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If only all could cooperate

May 29, 2003|BY BOB MAGINNIS

Citizens' first response to two Eastern Panhandle cities' request for $42 million in federal funds will probably be something like "That's a lot of money." Their second reaction ought to be gratitude that two local governments have put together a plan to deal with growth over the next 25 years.

The request would pay for a bypass along the western edge of Charles Town and Ranson, extension of the MARC commuter train line into the planned Huntfield development and a variety of police, beautification and economic-development projects.

Officials of both towns knew something had to be done after 5,000 new homes were approved for Charles Town and another 5,000 were proposed in Ranson. Those two developments could increase Jefferson County's population by 25,000 by 2020 and add 80,000 vehicle trips to local roads each day. The potential for gridlock is great.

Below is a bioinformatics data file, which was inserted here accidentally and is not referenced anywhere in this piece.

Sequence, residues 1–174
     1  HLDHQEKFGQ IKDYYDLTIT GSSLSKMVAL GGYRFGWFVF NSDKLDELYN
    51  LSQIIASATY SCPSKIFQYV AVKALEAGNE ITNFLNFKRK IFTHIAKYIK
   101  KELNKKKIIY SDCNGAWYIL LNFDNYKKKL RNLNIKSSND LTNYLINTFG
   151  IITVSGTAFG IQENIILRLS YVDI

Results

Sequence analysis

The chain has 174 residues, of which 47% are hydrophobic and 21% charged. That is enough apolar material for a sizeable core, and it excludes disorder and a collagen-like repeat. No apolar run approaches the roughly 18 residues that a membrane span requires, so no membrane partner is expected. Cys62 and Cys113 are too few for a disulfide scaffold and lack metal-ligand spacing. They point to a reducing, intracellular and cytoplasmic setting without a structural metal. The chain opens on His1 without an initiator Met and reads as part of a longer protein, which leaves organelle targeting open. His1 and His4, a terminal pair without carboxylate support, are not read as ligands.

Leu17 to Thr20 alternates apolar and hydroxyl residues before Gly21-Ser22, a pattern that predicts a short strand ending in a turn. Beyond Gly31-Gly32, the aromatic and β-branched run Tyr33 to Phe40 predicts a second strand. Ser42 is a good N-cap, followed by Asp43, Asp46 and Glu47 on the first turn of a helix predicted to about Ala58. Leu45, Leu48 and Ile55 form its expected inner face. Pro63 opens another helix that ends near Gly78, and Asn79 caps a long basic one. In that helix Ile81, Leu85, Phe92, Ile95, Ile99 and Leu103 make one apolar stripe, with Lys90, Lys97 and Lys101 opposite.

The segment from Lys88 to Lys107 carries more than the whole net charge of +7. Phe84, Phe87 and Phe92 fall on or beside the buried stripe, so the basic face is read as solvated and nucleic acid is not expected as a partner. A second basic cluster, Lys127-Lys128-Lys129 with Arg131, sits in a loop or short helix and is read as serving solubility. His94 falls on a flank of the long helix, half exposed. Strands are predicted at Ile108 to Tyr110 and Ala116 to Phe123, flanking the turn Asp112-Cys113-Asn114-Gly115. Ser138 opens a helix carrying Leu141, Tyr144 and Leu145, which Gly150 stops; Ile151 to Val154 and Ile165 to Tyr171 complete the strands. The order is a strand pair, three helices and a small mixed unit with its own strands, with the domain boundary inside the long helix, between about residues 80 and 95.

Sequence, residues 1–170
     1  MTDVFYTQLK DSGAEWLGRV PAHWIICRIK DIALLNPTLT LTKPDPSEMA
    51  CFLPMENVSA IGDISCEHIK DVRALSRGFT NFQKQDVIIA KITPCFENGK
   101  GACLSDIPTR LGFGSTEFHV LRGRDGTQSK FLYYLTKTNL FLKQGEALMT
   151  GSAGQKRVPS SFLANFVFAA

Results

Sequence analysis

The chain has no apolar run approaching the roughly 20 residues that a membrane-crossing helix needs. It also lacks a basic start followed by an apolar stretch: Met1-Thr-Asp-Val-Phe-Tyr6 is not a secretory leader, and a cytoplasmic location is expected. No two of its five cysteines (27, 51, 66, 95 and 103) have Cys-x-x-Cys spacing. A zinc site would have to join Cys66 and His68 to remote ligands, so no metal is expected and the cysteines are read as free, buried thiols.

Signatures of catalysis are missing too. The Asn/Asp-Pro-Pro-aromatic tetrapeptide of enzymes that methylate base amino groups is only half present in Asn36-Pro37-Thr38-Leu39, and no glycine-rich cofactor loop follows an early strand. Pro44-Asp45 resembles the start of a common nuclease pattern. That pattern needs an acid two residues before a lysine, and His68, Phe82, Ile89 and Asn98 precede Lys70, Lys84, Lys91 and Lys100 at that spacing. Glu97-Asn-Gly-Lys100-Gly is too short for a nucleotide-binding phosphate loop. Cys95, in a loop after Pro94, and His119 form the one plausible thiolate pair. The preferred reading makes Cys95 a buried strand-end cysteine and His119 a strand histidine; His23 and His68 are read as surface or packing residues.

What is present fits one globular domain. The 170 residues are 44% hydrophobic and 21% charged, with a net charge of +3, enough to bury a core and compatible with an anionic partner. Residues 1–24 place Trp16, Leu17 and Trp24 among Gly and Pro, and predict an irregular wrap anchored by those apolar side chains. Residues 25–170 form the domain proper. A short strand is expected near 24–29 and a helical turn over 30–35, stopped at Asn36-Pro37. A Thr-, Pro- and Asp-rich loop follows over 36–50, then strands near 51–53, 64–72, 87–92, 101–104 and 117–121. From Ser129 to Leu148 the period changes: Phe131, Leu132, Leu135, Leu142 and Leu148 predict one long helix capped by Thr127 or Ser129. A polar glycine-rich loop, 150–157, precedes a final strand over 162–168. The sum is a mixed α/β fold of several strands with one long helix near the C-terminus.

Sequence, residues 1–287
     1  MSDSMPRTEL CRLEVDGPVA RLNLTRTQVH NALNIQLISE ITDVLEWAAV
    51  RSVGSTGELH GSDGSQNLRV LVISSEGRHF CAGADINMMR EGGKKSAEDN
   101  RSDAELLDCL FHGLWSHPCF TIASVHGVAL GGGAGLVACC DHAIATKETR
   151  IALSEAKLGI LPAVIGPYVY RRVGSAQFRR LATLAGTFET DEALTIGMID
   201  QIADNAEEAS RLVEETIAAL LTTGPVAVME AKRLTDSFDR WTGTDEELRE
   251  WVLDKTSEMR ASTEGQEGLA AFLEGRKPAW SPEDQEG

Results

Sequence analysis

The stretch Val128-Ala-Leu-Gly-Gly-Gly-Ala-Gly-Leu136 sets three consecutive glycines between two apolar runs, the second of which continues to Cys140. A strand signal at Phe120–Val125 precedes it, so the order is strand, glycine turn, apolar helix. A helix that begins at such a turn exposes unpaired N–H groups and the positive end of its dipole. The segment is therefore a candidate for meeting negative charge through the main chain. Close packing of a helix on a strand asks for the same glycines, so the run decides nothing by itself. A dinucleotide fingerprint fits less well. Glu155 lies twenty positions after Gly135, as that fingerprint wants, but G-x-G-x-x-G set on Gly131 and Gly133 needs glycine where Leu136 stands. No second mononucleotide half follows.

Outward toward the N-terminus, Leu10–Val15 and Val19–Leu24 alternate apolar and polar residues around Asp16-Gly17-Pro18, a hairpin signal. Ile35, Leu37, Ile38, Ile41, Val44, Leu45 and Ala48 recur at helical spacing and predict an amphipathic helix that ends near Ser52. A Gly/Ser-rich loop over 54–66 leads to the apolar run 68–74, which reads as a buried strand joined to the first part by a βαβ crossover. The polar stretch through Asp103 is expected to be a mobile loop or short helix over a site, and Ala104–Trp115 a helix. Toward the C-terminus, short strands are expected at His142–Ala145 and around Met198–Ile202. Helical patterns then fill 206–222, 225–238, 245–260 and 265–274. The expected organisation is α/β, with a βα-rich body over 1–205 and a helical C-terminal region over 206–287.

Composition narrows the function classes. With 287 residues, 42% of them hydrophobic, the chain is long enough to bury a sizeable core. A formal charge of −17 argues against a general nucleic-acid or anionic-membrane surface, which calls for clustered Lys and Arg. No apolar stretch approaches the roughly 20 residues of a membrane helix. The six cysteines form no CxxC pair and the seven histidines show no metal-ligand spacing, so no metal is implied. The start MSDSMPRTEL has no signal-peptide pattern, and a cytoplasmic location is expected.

To prevent commuters from clogging streets on their way to work, the two cities' officials want to put an end-of-the-line MARC station in the Huntfield development. The bypass would keep those traveling north, south and east of the two cities off municipal streets already clogged with traffic.

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Other proposals would begin redevelopment of North Street, where a number of commercial buildings have been abandoned. Another $80,000 would help update the Charles Town Police Department's equipment, to enable officers to work more effectively.

Though the MARC proposal, at $8 million, isn't as pricey as the $30 million bypass project, it is local officials' top priority because it will keep roads free for local traffic and preserve air quality.

And while the bypass may not be funded immediately, putting it on the table now will allow local governments to keep development out of the road's path.

Are there some legitimate objections to this plan or parts of it? No doubt, but citizens ought to appreciate the fact that local officials are collaborating on a unified plan, as opposed to working separately on a hodge-podge of projects. If only all local governments could work as well together.

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